The Visual Journalism Workshops (June 11–13) will offer "3 days of valuable, practical and inspiring education, focused on improving your skills, marketability, and ability to succeed in today’s competitive still, video and multimedia environment."

Workshop sessions include:

  • Basic and Alternative Storytelling Techniques using Still, Video and Audio
  • Interviewing from Research to Editing
  • Narratives, Script Writing and Production
  • Still and Video Editing Techniques
  • Editing Software Training and Equipment Demonstrations
  • Freelance Instruction and Business Models
  • One-Man-Bands
  • Lighting and Audio Training
  • Multimedia Production, Editing and Coaching
  • How to do Panoramas
  • The Edit Foundry (Avid)
  • Feature Presentations from Industry Leaders

Register here.

That Whole TV News Anchor Song & Dance

Ever wonder what TV news anchors do during commercial breaks? In the case of veteran WGN News weekend co-anchors Robert Jordan and Jackie Bange in Chicago, it's more entertaining than the news itself. Now, thanks to YouTube, you can see it for yourself.

CNN's Jeanne Moos puts it all in perspective, and explains the origin of the dance moves, in her interview with the longtime partners, which is pretty funny in its own right.

It'll probably be a long while before we get to see what videojournalists do during commercial breaks -- given that the video "commercial break" hasn't yet been invented!

Monday, March 23, 2009

4 New Strategies for Rescuing the News Business

As previously noted, RevenueTwoPointZero vowed to identify and propose four specific new strategies for funding journalism. Here are the new revenue models these enterprising newspaper employees have developed for media companies. See what you think:

* Display advertising solutions
(Converting homepages from digests to tables of content, and re-imagining story pages with one big bold 480x480 interactive ad, pictured)

* Classified solutions
(Beating Craigslist at its own game, and taking back classified ads)

* iPhone solutions
(Capturing an emerging audience on mobile platforms)

* Small-business solutions
(Re-thinking banner ads for small budgets)

Get the full report here.

How to Create, Distribute, Finance Video Stories

Nieman Reports editor Melissa Ludtke conducted an engrossing interview with MediaStorm founder Brian Storm, one of our favorite videojournalism gurus. It's a must read:
Ludtke: Can you describe where your optimism comes from at a time when we hear so much about the enormous challenges facing journalism and this despair being expressed by so many journalists?

Storm: The journalism industry is not in despair, it’s simply going through a redefinition. I feel like we’re living in such an epic moment, a transformational moment. Think about the big stories happening right now: climate change, new president, and an economy that is totally falling apart, and as journalists, these are big stories. It’s a great journalistic moment to be in this business. The big opportunity is that the tools are so powerful that anyone can create high production value content and distribute it globally. I don’t need to own a printing press or a television station, but I can be on television through new distribution devices like Apple TV or TiVo. It’s an absolutely revolutionary moment, and I feel incredibly empowered as a journalist. As a storyteller, I feel empowered to do the best work of my career right now, even though I don’t have the big mainstream media infrastructure sitting underneath me that I used to have. Now I can do the kind of stories that I’ve always wanted to do without any limitations.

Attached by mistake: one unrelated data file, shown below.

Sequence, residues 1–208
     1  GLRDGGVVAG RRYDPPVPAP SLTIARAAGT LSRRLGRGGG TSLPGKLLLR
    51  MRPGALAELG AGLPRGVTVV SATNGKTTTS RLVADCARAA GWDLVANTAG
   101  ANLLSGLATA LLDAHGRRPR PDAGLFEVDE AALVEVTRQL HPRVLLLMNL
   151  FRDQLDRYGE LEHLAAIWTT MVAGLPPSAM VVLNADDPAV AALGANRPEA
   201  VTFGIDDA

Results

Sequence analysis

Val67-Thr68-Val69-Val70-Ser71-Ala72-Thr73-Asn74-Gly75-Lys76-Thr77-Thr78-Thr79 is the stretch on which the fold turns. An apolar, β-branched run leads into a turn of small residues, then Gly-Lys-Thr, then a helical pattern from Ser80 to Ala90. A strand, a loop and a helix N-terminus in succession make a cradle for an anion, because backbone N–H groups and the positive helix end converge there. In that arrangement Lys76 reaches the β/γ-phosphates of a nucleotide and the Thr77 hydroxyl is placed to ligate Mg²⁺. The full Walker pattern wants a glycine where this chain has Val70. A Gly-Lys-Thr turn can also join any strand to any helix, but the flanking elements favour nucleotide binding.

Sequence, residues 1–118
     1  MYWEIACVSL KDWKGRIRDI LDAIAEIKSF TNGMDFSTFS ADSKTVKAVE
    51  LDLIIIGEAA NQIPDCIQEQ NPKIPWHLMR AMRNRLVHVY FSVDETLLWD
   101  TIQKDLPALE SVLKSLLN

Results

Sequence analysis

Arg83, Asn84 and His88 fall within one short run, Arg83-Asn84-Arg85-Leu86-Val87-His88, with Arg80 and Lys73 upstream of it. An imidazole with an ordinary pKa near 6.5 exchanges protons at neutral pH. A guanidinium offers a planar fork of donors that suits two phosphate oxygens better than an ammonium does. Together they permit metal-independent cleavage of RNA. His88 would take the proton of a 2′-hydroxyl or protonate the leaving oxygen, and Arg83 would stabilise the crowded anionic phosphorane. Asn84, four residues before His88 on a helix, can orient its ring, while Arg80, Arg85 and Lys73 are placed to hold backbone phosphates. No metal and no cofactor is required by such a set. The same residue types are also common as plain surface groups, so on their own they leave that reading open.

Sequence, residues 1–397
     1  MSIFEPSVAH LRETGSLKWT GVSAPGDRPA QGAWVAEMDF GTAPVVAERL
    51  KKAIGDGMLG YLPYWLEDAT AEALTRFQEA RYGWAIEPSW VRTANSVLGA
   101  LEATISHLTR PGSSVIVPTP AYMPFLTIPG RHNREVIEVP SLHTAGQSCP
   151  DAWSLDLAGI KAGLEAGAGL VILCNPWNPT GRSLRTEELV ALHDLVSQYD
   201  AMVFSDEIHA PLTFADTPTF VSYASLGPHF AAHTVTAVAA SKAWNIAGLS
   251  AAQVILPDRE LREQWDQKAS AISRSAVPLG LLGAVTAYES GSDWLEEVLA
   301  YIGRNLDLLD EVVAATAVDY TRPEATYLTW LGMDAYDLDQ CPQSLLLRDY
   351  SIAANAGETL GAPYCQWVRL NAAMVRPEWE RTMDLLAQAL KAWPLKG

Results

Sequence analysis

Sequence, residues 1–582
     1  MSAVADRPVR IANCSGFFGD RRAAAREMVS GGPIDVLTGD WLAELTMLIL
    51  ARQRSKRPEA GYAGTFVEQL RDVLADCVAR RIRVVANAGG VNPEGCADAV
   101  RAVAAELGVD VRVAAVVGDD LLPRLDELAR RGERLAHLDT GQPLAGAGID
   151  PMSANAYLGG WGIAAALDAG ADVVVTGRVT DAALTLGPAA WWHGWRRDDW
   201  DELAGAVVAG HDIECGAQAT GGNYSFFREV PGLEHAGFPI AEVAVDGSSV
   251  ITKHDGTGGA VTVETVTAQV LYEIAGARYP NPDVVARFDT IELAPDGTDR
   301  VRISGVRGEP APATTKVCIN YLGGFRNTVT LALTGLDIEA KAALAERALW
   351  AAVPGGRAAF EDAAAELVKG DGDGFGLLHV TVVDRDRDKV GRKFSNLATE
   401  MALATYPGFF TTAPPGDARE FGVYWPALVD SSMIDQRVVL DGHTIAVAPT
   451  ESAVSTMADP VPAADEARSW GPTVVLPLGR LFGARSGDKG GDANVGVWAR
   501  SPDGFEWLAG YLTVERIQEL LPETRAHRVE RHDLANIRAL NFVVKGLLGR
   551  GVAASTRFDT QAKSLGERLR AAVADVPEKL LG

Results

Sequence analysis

Storm expresses his disdain for the "one-man band" videojournalism trend, noting that it's a byproduct of economic pressures, not a formula for excellence:
I don’t know one person operating at a high level who is an independent one-man band who is telling the kind of stories that you could tell in a collaborative environment. There’s just no way. In every project we do, several people collaborate to make that story happen: the designer, the producer, the executive producer, and the journalist who covered the story in the first place.
Much more here.

Sunday, March 22, 2009

Revenue 2.0 Seeks Online Ad Solutions

An ad-hoc group of more than two dozen newspaper journalists are meeting in Washington, D.C. to re-invent online advertising. Though they come from the ranks of the nation's top newspapers, they are embarking on this quest independently -- their efforts are self-subsidized and they are not representing their employers in this endeavour. They've dubbed their mission RevenueTwoPointZero.

Newspapers are in crisis. The old revenue model is no longer viable. If media companies want to produce journalism, they’ll need to find new ways to fund it — even if those ways are not explicitly tied to editorial content.

We have the means and the mission to deliver solutions, rather than merely talking about the challenge of preserving journalism. Our solutions will be based on a proven funding strategy — advertising revenue — rather than failed or unproven strategies like micropayments and philanthropy.